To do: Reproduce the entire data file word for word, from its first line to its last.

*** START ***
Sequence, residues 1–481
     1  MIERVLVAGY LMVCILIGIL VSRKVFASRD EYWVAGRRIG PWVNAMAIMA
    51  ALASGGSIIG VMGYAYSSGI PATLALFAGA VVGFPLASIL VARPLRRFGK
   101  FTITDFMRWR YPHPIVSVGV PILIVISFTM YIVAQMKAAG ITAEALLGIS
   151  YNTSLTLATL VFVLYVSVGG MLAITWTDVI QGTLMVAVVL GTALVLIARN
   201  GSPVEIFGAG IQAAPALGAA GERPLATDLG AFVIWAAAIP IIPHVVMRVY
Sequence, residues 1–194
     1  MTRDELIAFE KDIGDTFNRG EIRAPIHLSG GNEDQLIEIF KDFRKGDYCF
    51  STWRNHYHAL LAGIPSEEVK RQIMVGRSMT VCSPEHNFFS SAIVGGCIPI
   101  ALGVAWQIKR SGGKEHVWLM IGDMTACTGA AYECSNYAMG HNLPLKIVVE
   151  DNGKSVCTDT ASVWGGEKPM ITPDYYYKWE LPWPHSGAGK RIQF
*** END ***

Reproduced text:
Sequence, residues 1–481
     1  MIERVLVAGY LMVCILIGIL VSRKVFASRD EYWVAGRRIG PWVNAMAIMA
    51  ALASGGSIIG VMGYAYSSGI PATLALFAGA VVGFPLASIL VARPLRRFGK
   101  FTITDFMRWR YPHPIVSVGV PILIVISFTM YIVAQMKAAG ITAEALLGIS
   151  YNTSLTLATL VFVLYVSVGG MLAITWTDVI QGTLMVAVVL GTALVLIARN
   201  GSPVEIFGAG IQAAPALGAA GERPLATDLG AFVIWAAAIP IIPHVVMRVY
Sequence, residues 1–194
     1  MTRDELIAFE KDIGDTFNRG EIRAPIHLSG GNEDQLIEIF KDFRKGDYCF
    51  STWRNHYHAL LAGIPSEEVK RQIMVGRSMT VCSPEHNFFS SAIVGGCIPI
   101  ALGVAWQIKR SGGKEHVWLM IGDMTACTGA AYECSNYAMG HNLPLKIVVE
   151  DNGKSVCTDT ASVWGGEKPM ITPDYYYKWE LPWPHSGAGK RIQF